Sessions tangles with Durbin over Chicago violence

Attorney General Jeff Sessions sparred with Sen. Dick Durbin Wednesday over Chicago’s murder rate -- and the prospect of federal funding potentially being cut amid the city’s resistance to the Trump administration’s immigration policies.

Sessions testified before the Senate Judiciary Committee on a slew of issues, including law enforcement and immigration policy. Well before the hearing, Sessions has repeatedly threatened to cut federal funding for so-called ‘sanctuary cities’ that do not cooperate with federal immigration agents.

Durbin, D-Ill., pressed Sessions over his desire to “cut burn grant funds,” which he suggested would “hamper community policing and undermine work” to cut the murder rate in Chicago.

“You’re not helping us solve the murder problem in the city of Chicago by taking away these federal funds,” Durbin said, noting that 3,000 people have been injured by guns, and over 500 have been killed in the past year in Chicago. “The superintendent said your pursuit of undocumented immigrants has little or nothing to do with gun violence in Chicago.”

Sessions responded that the “murder rate is a cloud over the city,” and agreed that community policing was “absolutely essential” to the Chicago Police Department, but pushed back on Durbin’s claim that the murder rate has nothing to do with illegal immigrants.

“I think politicians cannot say if you remove a violent criminal from America, if he is arrested and put in a Chicago jail, that once they’re out, they shouldn’t be turned over to federal ICE officers so they can be removed from the country—they were here illegally to begin with, much less committed a crime,” Sessions said.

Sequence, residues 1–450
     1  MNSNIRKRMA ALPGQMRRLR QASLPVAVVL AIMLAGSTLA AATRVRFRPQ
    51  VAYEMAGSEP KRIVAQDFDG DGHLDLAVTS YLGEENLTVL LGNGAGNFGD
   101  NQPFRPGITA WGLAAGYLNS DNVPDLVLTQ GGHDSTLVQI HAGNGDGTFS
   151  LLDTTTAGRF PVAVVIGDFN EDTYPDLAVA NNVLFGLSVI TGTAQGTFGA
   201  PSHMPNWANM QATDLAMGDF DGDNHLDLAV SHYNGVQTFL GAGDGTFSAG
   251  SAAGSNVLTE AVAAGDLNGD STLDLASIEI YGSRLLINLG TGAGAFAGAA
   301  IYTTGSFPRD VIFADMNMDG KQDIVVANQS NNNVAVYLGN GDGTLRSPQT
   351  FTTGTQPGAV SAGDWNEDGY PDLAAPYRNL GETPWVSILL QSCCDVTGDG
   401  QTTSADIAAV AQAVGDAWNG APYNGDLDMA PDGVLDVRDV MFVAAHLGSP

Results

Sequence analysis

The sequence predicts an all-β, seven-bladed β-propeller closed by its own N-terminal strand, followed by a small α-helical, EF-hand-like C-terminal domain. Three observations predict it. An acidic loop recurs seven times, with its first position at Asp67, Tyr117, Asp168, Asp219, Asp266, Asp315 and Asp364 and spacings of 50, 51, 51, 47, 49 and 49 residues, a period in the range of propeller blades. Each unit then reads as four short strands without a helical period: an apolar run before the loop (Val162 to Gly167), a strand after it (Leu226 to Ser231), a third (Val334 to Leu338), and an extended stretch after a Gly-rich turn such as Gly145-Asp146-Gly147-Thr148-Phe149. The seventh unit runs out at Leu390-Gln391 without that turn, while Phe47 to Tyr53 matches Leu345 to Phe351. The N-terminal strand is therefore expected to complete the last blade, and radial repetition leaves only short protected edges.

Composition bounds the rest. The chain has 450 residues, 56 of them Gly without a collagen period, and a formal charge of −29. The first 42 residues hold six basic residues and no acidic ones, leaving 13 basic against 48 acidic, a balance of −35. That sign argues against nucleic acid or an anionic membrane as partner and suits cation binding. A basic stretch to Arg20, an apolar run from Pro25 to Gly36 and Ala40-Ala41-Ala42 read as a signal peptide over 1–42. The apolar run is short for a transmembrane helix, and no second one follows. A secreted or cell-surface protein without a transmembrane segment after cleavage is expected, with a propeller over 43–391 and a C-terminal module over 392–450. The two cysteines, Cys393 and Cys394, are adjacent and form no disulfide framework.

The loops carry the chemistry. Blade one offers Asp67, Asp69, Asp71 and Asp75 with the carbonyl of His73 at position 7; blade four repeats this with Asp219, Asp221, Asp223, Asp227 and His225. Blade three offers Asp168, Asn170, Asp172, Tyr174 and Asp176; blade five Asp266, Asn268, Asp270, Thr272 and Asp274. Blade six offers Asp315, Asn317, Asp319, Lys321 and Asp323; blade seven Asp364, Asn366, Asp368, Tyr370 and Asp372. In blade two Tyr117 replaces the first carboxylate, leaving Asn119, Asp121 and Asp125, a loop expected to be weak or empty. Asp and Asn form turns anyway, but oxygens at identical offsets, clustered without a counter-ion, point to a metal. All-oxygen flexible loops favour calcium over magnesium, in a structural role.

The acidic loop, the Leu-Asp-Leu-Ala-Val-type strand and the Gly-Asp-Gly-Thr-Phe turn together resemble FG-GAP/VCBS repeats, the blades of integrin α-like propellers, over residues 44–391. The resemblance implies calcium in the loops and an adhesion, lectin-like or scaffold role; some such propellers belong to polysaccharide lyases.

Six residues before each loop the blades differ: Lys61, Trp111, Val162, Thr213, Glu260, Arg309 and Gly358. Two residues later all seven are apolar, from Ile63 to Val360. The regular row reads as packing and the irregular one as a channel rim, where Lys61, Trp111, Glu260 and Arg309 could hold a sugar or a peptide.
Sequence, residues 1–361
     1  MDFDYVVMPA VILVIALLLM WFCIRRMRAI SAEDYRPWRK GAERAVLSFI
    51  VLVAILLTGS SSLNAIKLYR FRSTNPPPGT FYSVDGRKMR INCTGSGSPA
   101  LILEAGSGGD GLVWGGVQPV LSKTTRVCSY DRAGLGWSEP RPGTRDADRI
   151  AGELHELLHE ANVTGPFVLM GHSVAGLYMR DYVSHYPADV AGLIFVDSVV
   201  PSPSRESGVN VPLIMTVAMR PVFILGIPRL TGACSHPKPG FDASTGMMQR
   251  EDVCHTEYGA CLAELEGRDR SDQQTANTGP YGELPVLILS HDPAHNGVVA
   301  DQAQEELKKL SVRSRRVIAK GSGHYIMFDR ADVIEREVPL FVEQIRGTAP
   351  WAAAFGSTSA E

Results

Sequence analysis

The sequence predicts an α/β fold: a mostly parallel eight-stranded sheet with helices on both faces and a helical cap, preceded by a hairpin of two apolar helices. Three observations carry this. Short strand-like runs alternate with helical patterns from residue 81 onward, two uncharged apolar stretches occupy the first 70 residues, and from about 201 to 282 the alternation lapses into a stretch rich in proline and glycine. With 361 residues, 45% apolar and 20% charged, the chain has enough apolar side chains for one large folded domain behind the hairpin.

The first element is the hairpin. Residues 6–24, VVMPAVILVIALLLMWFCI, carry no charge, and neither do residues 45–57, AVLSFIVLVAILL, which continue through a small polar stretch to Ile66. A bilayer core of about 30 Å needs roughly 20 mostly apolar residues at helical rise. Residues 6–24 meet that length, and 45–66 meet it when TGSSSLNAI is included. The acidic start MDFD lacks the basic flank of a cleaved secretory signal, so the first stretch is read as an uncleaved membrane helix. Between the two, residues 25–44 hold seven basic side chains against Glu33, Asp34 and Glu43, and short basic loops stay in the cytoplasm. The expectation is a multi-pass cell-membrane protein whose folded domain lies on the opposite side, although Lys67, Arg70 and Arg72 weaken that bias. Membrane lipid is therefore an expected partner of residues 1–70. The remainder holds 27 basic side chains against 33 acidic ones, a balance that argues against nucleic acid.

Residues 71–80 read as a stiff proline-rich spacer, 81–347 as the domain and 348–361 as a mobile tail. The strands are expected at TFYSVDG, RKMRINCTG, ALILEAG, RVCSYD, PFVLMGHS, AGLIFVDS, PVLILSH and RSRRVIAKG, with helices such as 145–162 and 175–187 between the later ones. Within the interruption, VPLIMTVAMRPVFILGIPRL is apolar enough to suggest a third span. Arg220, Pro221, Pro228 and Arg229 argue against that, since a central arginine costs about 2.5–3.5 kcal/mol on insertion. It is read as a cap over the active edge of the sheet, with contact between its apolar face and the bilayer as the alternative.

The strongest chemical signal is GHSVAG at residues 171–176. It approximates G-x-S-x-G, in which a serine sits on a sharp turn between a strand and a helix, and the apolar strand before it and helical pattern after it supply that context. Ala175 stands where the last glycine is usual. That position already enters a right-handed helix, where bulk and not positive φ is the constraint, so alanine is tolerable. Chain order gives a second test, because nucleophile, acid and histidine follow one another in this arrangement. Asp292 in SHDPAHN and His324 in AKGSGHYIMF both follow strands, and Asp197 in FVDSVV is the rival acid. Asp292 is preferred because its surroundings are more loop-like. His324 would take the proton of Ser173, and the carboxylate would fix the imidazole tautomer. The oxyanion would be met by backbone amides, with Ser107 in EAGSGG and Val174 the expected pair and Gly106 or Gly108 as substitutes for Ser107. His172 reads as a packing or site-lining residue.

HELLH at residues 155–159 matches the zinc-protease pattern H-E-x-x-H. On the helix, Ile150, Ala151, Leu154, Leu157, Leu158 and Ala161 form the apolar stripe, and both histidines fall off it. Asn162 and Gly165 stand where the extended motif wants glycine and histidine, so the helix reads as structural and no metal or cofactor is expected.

He added: “How does that make the city of Chicago safer when you don’t remove criminals who are illegally in this country?”

Durbin fired back, slamming Sessions on his opening statement and his alleged double-edged praise of law enforcement.

“You can’t give an opening statement throwing a bouquet to local police and then ignore what the superintendent of police in Chicago tells you has nothing to do with gun violence,” Durbin said. “You want to cut off federal funds to that city and come here and criticize the murder rate and have it both ways.”

Sessions countered that he had increased the number of “ATF agents by 12,” noting that was “a large number” and “more than any other city.”

“The United States government cannot take over law enforcement for the city of Chicago,” Sessions said. “We’re not doing it for New York, not doing it for a lot of other places.”

Durbin interrupted, “Nor can the city of Chicago take over immigration.”

Sessions closed the back and forth, promising the Justice Department would “continue to work” with Chicago.

“I do not want to not have grants go to Chicago, but we need their support,” Sessions said. “When somebody is arrested in the jail that’s due to be deported, we just simply ask that they call us so we can come by and pick them up if they need to be removed.”

Sessions added: “That’s not happening and we’ve got to work through it in some way.”